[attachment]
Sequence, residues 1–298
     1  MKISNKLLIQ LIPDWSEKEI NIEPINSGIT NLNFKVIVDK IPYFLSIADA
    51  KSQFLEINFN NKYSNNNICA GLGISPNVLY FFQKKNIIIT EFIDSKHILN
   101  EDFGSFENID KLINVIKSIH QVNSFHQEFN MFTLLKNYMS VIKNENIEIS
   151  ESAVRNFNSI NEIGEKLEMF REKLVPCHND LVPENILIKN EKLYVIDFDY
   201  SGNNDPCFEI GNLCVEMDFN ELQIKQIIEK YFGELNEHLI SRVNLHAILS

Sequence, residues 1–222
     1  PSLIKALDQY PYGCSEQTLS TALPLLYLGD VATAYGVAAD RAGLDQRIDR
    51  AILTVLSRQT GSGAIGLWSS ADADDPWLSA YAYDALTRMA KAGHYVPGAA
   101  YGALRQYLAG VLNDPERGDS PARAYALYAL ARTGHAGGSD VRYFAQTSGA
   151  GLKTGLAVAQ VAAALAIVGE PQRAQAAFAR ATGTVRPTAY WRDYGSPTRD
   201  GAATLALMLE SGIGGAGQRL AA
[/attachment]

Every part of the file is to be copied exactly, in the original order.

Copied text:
Sequence, residues 1–298
     1  MKISNKLLIQ LIPDWSEKEI NIEPINSGIT NLNFKVIVDK IPYFLSIADA
    51  KSQFLEINFN NKYSNNNICA GLGISPNVLY FFQKKNIIIT EFIDSKHILN
   101  EDFGSFENID KLINVIKSIH QVNSFHQEFN MFTLLKNYMS VIKNENIEIS
   151  ESAVRNFNSI NEIGEKLEMF REKLVPCHND LVPENILIKN EKLYVIDFDY
   201  SGNNDPCFEI GNLCVEMDFN ELQIKQIIEK YFGELNEHLI SRVNLHAILS

Sequence, residues 1–222
     1  PSLIKALDQY PYGCSEQTLS TALPLLYLGD VATAYGVAAD RAGLDQRIDR
    51  AILTVLSRQT GSGAIGLWSS ADADDPWLSA YAYDALTRMA KAGHYVPGAA
   101  YGALRQYLAG VLNDPERGDS PARAYALYAL ARTGHAGGSD VRYFAQTSGA
   151  GLKTGLAVAQ VAAALAIVGE PQRAQAAFAR ATGTVRPTAY WRDYGSPTRD
   201  GAATLALMLE SGIGGAGQRL AA